Vendor fees will be the same as last year, with a one-time application fee of $35, followed by a $25 fee for a 10-by-10 space, or $35 for a 20-by-25 space per market day. Vendors receive a discount if they pay up front for the entire season.
Daniels, the market manager, will be paid the same amount Ventura received last year, Hess said. Ventura said this stipend is 30 percent of the market’s weekly profit. Donna Pray, Executive Director of the Gilroy Foundation, did not have the market’s total revenue for 2011, but said income for both the market and garden in 2011 was about $24,000.
“It started out big, and at the end, it was really small,” said Hess, who estimated market income during its first month was around $2,900. “Every month after that, it went down.”
As for possible location changes in the future, Hess would like to see the market move into Gourmet Alley; creating a market corridor of sorts that branches into the empty lot between the Interim Center for the Arts and Porcella’s Music on Monterey Street.
The reality of that, however, hinges on the city’s approval of safety standards for fire and traffic, Hess said.
Prior to removing herself from the market’s leadership picture, Ventura said she believed Fifth Street between Monterey and Eigleberry would increase downtown presence and support for local businesses. Wayne Pitts of Uvas Gold Apiaries, on the other hand, who sold his honey at the market last year and intends to participate again as a vendor this year, suggested the area near Santa Teresa Boulevard and First Street.
“Location, location, location. You have to be somewhere where there’s people,” he pointed out. “There’s not a lot of traffic at Seventh and Monterey.”
Asked to weigh in on the subject, longtime downtown developer Gary Walton said he’d prefer to keep the market downtown, but regardless of location, “you just have to market it,” he reasoned.
Hess pointed out marketing and advertising will be up for discussion during an upcoming planning meeting at 6 p.m. Jan. 23.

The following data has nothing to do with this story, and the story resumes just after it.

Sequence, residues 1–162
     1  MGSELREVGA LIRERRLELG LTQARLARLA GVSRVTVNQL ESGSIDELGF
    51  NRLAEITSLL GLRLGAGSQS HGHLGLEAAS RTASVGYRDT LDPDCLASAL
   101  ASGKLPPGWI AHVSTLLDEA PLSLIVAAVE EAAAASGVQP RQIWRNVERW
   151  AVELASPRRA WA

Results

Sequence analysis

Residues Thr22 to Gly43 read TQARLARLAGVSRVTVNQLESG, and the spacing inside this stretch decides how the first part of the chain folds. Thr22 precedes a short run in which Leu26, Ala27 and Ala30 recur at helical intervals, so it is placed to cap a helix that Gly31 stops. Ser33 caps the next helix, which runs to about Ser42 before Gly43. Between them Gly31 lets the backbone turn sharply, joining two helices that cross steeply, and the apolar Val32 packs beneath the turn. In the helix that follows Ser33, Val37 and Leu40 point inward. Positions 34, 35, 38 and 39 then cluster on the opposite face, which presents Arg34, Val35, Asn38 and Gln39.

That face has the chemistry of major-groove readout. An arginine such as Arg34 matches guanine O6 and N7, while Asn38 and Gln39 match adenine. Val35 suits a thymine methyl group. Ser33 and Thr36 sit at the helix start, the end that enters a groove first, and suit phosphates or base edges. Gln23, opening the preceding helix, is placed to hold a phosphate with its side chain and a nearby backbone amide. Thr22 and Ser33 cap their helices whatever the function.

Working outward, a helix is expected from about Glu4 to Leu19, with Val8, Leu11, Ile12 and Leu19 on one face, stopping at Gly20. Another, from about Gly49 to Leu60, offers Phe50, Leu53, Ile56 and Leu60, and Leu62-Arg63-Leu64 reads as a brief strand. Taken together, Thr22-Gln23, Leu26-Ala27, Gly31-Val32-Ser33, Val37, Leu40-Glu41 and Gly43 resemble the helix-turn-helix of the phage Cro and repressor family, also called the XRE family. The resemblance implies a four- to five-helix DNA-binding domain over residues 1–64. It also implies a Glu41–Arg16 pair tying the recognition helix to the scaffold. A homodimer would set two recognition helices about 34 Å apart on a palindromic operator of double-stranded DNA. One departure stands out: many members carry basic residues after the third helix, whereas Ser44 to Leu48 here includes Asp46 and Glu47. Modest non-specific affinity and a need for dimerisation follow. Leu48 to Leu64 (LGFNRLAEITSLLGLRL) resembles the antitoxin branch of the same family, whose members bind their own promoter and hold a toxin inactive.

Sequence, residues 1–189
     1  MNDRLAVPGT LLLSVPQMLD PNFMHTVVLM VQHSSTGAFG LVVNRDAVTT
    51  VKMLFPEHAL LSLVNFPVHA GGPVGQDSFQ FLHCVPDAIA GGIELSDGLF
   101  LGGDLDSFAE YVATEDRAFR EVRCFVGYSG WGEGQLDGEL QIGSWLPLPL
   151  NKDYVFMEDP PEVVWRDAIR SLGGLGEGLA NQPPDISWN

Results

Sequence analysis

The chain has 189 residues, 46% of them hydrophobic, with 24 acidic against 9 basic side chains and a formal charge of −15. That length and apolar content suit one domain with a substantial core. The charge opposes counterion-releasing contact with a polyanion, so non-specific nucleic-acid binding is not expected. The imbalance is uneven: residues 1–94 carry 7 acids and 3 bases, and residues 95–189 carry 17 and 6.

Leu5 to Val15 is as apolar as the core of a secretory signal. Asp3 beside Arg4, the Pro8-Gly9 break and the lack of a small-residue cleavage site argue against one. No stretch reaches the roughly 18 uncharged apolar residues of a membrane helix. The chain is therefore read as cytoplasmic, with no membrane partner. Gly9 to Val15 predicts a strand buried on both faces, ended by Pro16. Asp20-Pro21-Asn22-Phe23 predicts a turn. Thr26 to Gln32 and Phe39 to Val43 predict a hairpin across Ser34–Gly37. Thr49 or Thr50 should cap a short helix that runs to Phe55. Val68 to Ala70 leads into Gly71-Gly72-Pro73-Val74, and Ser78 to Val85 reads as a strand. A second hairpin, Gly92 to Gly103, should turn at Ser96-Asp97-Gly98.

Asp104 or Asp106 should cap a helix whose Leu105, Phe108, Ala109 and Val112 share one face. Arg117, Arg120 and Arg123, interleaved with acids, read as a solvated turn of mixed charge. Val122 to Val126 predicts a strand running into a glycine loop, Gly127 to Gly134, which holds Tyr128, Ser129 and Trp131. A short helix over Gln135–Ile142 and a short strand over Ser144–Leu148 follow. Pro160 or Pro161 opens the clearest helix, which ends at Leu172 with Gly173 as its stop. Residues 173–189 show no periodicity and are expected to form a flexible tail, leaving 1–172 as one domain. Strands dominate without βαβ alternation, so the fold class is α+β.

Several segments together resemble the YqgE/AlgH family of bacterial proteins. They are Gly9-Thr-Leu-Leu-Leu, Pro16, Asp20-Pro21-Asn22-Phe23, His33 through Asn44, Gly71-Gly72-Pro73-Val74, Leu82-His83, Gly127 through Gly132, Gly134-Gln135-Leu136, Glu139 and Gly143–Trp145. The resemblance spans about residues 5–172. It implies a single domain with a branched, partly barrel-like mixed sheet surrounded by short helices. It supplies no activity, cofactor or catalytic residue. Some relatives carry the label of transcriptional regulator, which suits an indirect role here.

As he mulled improvements for 2012, Walton mentioned a petting zoo for children, opening up early for local restaurants so they can purchase fresh ingredients, and having a garlic-themed booth run by Garlic Shoppe co-owner Alex Larson, perhaps.
He also reminded that students at Christopher and Gilroy high schools need 80 hours of community service to graduate. Establishing ties between vendors and students could be beneficial to both parties, he said.
“They should also increase the amount of prepared foods, and have a food court with different, interesting street food … there’s something about the smell of cooked food, versus a bunch of vegetables just sitting there,” Walton added.
Last year, the market had three to four prepared food vendors, including sausage dogs from Silva Sausage, baked goods from Rebekah’s Culinary Academy, specialty dips from Hummus Heaven and corn-on-the-cob by Lily’s Roasted Corn.
“One of the primary reasons for a farmers’ market is the social aspect. It’s where the community meets. They need to stress that,” said Walton. “They need to think outside the box and make it a destination. What would draw people from the Outlets?”
On this note, Daniels said she plans to organize special events at the market – once a month, ideally. She’ll also be working on increasing vendor variety. On the Gilroy farmers’ market Facebook page, some requests for next year include organic eggs, raw milk, cheese and locally raised meats.
Like Walton, Melanie Corona – the Downtown Business Association’s part-time coordinator who plans downtown events and promotes local businesses – wants to see the Gilroy farmers’ market evolve into a destination. Growing up in Sonoma, she said, the Sonoma farmers’ market was, and still is, “the place to be.”
Now a resident of the Garlic Capital who patronizes the Gilroy Farmers’ market, however, Corona would like to see more reasons that entice visitors to stay longer.
“I really want to see the farmers’ market as a destination for people who live in Gilroy, regardless of what day it’s held. Just to have people head downtown, grab their produce, get food, sit down, hang out, visit, touch base with friends … I would like it to have more like a community building component to it.”